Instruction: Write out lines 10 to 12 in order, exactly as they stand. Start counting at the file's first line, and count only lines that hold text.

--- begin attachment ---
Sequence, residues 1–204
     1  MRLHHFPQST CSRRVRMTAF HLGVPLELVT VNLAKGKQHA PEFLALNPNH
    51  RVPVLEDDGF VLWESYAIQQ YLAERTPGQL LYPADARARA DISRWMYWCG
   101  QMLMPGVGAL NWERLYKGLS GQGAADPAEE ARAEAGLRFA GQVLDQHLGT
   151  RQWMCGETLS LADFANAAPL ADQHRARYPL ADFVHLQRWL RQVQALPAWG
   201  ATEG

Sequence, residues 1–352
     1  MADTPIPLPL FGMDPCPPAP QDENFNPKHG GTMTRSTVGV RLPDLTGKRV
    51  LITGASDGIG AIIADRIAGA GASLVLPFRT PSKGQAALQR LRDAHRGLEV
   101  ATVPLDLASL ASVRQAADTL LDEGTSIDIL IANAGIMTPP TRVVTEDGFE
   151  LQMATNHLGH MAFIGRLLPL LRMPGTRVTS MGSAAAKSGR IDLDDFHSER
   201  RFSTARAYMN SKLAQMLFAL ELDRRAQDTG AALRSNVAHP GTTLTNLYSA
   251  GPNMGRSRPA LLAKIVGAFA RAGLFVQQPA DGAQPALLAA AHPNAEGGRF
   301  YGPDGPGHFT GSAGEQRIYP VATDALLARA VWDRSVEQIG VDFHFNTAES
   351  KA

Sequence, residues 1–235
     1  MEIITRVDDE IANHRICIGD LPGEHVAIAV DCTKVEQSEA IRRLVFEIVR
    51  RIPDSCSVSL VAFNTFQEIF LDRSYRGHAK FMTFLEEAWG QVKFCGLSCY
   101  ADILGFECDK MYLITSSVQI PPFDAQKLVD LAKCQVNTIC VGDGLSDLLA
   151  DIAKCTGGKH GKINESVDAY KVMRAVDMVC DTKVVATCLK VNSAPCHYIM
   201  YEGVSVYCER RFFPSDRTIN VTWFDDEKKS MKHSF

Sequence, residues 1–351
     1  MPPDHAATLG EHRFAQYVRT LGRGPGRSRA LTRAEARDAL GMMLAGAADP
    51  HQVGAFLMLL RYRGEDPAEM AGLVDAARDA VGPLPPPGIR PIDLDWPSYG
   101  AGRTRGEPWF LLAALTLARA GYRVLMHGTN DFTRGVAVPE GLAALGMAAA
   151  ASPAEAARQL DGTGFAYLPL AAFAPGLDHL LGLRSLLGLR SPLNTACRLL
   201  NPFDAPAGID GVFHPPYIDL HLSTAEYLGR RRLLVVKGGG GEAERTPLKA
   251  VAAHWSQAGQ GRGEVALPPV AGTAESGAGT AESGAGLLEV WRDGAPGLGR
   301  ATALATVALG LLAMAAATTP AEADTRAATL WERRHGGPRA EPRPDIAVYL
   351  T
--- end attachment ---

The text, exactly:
   101  ATVPLDLASL ASVRQAADTL LDEGTSIDIL IANAGIMTPP TRVVTEDGFE
   151  LQMATNHLGH MAFIGRLLPL LRMPGTRVTS MGSAAAKSGR IDLDDFHSER
   201  RFSTARAYMN SKLAQMLFAL ELDRRAQDTG AALRSNVAHP GTTLTNLYSA